Plaintiff filed his initial complaint against Foster Wheeler Robbins, Incorporated, and FWC on June 27, 1996. On March 21, 1997, plaintiff filed the first amended complaint against Foster Wheeler Robbins, Incorporated, FWC, U.S.A. Corp., and Constructors Inc., which is the complaint relevant to this appeal.

In his amended complaint, plaintiff alleged that defendants were negligent in (1) failing to provide a safe, suitable and proper hoisting device, (2) failing to make a reasonable inspection of the premises and the work being done thereon, (3) improperly operating, managing, maintaining, and controlling the premises such that plaintiff would not have been injured, (4) failing to provide plaintiff with a safe working environment, (5) failing to warn plaintiff of the dangerous conditions when defendants should have known that it was necessary to prevent injury to plaintiff, (6) failing to provide adequate safeguards to prevent injury, and (7) failing to supervise the work done on the premises. Plaintiff claimed that, as a result of defendants' negligence, he suffered severe and permanent injuries and accrued medical expenses for the treatment of those injuries.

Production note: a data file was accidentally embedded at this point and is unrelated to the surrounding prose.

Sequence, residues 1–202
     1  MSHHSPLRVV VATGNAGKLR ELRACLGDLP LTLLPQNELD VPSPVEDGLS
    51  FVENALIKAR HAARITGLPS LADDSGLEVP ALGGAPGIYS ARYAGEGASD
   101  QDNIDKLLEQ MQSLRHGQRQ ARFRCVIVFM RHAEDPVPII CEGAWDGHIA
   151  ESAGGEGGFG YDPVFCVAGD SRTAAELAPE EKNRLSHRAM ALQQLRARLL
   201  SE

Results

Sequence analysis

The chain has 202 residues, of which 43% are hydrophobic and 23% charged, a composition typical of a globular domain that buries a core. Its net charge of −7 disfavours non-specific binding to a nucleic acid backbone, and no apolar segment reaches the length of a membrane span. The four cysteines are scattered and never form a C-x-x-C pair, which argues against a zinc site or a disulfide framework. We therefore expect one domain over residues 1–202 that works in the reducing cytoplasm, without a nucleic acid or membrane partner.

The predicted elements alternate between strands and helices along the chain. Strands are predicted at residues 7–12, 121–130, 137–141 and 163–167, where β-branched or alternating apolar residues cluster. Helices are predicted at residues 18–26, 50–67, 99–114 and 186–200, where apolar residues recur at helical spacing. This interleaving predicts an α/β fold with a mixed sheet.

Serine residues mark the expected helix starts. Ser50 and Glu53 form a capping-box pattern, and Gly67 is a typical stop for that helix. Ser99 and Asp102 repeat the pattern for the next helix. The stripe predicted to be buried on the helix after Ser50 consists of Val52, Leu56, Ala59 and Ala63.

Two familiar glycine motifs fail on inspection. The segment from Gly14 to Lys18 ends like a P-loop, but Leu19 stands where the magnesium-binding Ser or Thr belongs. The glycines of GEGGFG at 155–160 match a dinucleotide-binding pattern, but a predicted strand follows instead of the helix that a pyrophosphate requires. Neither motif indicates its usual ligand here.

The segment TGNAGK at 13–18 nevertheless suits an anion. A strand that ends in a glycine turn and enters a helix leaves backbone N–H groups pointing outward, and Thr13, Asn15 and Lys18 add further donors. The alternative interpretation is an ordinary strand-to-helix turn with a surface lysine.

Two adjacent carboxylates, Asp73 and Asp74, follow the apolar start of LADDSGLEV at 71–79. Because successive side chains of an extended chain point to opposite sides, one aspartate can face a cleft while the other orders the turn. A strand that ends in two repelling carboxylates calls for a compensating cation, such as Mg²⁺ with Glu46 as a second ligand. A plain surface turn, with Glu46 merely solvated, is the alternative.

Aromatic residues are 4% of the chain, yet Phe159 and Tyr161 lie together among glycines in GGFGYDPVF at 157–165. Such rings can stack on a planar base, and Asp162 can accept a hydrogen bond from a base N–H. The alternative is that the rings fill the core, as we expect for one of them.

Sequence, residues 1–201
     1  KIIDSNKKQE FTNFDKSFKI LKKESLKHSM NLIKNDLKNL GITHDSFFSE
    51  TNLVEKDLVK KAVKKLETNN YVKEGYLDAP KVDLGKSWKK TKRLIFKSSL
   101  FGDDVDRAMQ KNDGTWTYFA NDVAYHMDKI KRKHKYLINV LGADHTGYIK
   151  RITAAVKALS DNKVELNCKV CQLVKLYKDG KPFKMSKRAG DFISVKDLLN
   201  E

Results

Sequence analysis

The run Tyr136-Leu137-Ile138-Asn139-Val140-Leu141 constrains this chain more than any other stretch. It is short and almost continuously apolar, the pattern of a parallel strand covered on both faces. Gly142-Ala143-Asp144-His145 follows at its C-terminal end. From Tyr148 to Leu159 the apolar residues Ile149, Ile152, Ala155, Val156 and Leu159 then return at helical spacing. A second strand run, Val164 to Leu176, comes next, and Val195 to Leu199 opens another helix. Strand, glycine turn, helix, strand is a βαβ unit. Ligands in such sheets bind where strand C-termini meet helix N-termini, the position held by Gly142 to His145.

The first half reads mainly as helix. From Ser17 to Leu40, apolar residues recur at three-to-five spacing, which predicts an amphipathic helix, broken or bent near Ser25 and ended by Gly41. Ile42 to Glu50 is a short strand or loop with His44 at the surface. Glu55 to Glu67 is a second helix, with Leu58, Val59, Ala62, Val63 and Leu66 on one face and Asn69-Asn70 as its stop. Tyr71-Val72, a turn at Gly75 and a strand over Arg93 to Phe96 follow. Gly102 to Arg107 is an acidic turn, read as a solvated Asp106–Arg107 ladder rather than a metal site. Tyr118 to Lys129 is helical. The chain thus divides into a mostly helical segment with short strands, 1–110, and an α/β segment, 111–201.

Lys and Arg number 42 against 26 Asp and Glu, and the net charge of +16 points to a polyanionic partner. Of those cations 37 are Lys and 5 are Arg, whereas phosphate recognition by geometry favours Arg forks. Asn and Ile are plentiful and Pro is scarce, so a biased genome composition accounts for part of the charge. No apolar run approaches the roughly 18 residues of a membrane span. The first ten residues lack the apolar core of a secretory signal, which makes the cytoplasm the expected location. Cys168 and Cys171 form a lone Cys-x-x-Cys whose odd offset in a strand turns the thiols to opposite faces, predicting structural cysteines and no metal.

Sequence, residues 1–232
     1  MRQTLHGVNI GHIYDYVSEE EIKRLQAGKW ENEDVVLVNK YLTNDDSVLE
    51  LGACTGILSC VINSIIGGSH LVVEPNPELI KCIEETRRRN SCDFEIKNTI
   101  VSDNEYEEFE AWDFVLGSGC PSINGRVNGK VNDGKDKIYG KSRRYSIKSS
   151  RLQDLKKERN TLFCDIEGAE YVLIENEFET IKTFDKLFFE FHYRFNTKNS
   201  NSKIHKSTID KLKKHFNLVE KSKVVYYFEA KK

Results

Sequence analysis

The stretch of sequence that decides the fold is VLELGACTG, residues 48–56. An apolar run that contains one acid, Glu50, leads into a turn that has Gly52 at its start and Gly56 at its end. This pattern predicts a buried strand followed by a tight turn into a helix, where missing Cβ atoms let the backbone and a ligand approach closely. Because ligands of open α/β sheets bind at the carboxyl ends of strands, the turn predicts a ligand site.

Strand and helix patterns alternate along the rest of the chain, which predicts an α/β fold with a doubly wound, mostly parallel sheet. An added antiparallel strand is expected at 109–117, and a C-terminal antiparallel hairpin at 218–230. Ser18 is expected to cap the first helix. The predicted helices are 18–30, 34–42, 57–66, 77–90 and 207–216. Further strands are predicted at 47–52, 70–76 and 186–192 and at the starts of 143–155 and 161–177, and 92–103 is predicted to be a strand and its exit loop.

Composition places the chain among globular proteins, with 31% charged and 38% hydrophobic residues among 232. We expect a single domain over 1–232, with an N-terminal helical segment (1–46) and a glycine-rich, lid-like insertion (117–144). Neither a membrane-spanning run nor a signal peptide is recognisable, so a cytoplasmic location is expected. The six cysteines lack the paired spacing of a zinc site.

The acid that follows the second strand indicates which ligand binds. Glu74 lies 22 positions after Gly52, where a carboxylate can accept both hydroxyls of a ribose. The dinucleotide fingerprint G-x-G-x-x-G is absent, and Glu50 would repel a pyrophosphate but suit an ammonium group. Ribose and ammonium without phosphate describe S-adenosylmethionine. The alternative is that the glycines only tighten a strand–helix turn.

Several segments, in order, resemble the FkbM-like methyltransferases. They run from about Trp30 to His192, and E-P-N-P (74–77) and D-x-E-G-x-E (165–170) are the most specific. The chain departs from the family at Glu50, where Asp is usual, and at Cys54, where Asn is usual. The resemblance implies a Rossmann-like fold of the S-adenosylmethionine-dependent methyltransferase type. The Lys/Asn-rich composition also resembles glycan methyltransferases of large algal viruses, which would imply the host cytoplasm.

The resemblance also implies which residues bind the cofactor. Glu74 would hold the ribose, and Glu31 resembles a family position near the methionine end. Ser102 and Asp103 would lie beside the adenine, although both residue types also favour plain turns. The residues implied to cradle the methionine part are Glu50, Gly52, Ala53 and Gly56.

Defendants denied the claims in plaintiff's complaint and filed a motion for summary judgment in the circuit court. Defendants argued that a general contractor's duty to ensure that work is performed in a safe manner does not require that the contractor prevent a subcontractor from performing its routine duties in its own way. Defendants asserted that a general contractor's liability based on simply hiring a subcontractor ended with the abolition of the Structural Work Act, and whether a general contractor owes a duty of care is a question of law appropriately decided on a summary judgment motion. Defendants also claimed that the only question of fact raised by the complaint was whether an appropriate hoisting device was available to plaintiff, and by plaintiff's own admission there was a safer device available that the subcontractor simply chose not to use.